A DiGiCo SD10 console working in conjunction with a redundant backup DiGiCo S21 serve Salamone in the house. Both are clocked at 96 kHz. The SD10 feeds a Lake LM44 processor through a pair of AES3 inputs for the left, right, subs, and front fill, while the S21 is also feeding a Lake LM44 through four analog inputs in the same configuration.

On the SD10, he uses a redundant pair of Waves SoundGrid Server One machines teamed with MultiRack SoundGrid through the onboard SD10 Waves port. A MacBook Pro is used to control MultiRack SoundGrid and to record multitrack for Virtual Soundcheck through Tracks Live.

“With this setup,” explains Salamone, “I can patch all of the usual suspects from the Waves Mercury Bundle across individual channels and buses. Additional processing is done with a pair of MacBook Pros going in and out of the SD10 via MADI with a Waves DiGiGrid MGB. Setting these computers up in a native configuration lets me use third-party plugins alongside my Waves plugins and have the best of both worlds. With this kind of flexibility, I can leave my analog processors at home and stay digital from front to back. A couple examples of how this works includes using an Eventide H3000 plug to replace my H3000S box and a Relab Development LX480 to replace my Lexicon 480L.”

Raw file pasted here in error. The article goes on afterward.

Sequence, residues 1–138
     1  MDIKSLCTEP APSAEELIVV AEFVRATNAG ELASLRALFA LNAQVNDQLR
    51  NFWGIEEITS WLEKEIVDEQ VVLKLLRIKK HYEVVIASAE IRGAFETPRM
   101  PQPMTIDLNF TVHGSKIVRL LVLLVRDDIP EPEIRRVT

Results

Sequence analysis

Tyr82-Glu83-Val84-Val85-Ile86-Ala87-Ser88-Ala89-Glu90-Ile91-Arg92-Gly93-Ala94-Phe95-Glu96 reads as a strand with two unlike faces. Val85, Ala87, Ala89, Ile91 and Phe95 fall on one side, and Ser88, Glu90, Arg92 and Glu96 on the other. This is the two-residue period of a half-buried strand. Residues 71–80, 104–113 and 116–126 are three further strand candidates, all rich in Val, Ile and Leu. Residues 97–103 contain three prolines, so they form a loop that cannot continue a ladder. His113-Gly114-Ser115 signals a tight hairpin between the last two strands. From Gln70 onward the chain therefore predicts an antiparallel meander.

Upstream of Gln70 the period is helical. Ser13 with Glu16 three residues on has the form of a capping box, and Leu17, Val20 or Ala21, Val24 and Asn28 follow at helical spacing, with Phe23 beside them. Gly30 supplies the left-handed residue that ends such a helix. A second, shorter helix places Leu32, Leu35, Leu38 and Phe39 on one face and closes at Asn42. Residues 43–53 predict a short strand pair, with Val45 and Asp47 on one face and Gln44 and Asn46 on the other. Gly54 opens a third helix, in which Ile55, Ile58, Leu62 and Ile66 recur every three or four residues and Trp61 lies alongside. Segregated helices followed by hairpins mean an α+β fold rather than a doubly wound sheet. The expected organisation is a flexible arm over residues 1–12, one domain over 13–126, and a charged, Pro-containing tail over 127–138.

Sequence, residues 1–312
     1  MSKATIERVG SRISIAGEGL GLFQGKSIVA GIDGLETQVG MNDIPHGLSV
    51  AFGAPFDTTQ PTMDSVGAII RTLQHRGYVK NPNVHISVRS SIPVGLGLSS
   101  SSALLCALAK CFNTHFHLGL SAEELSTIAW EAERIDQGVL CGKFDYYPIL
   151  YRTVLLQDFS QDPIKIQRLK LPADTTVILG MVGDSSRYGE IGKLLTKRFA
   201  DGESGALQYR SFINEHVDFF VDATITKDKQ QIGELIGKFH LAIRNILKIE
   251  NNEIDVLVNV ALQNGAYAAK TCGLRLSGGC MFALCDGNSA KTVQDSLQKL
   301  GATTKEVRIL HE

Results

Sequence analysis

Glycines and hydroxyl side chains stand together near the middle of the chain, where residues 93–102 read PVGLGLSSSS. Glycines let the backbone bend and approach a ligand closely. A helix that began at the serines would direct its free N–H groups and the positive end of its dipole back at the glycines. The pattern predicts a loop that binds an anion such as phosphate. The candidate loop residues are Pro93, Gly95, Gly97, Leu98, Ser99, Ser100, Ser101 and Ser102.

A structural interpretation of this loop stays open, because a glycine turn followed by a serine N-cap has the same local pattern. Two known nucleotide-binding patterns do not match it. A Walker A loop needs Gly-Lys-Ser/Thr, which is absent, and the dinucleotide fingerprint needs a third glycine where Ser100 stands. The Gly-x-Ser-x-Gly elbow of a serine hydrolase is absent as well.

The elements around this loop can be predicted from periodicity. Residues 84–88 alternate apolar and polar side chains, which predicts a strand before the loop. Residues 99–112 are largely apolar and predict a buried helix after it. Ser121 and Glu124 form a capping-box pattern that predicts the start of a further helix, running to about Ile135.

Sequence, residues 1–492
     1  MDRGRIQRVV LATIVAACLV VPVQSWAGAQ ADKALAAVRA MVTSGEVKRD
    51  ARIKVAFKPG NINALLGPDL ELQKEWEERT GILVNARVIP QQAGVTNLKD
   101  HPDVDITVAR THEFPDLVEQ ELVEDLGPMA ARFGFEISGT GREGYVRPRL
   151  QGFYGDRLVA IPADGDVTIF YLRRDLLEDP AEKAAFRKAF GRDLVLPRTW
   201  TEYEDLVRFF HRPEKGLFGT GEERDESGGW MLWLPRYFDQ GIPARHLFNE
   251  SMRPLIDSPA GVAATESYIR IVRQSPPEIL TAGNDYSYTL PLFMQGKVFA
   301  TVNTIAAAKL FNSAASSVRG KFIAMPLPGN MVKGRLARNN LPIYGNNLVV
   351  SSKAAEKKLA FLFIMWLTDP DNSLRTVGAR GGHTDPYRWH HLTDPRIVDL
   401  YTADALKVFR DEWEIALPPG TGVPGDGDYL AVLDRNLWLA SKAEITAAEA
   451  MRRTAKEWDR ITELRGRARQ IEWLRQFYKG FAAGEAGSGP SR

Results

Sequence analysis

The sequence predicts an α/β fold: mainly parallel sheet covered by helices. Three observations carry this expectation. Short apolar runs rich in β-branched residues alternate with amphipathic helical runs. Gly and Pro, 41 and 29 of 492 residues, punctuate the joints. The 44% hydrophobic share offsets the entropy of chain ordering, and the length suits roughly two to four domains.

All In The Mix

Both Salamone and Squiers stress that maintaining solid working relationships and communicating with the band are vital to their sound. “They literally help me mix the show,” Salamone confides. “Examples of this would be keyboard parts being pushed (level wise) from stage on a given part of a given song from Charlie DeChant and Eliot Lewis, or getting them to change the parameter of a sound that might in turn change the timbre, which most of the time works better than EQ from the console.

“Porter Carroll on percussion changes up how and physically where he plays parts to alleviate bleed into Daryl Hall’s vocal mic. while Shane Theriot switches out guitar amps and speakers to find the voicing that fits for me sonically. Brian Dunne and Klyde Jones’s consistent rhythm section coupled with Daryl’s voice never fail. John Oates is very much on the same page, pointing his amps away from his vocal mic, and from day one he’s encouraged me to do and ask whatever I need of the band. All of these little moves add up to a better mix and help these amazing songs translate.”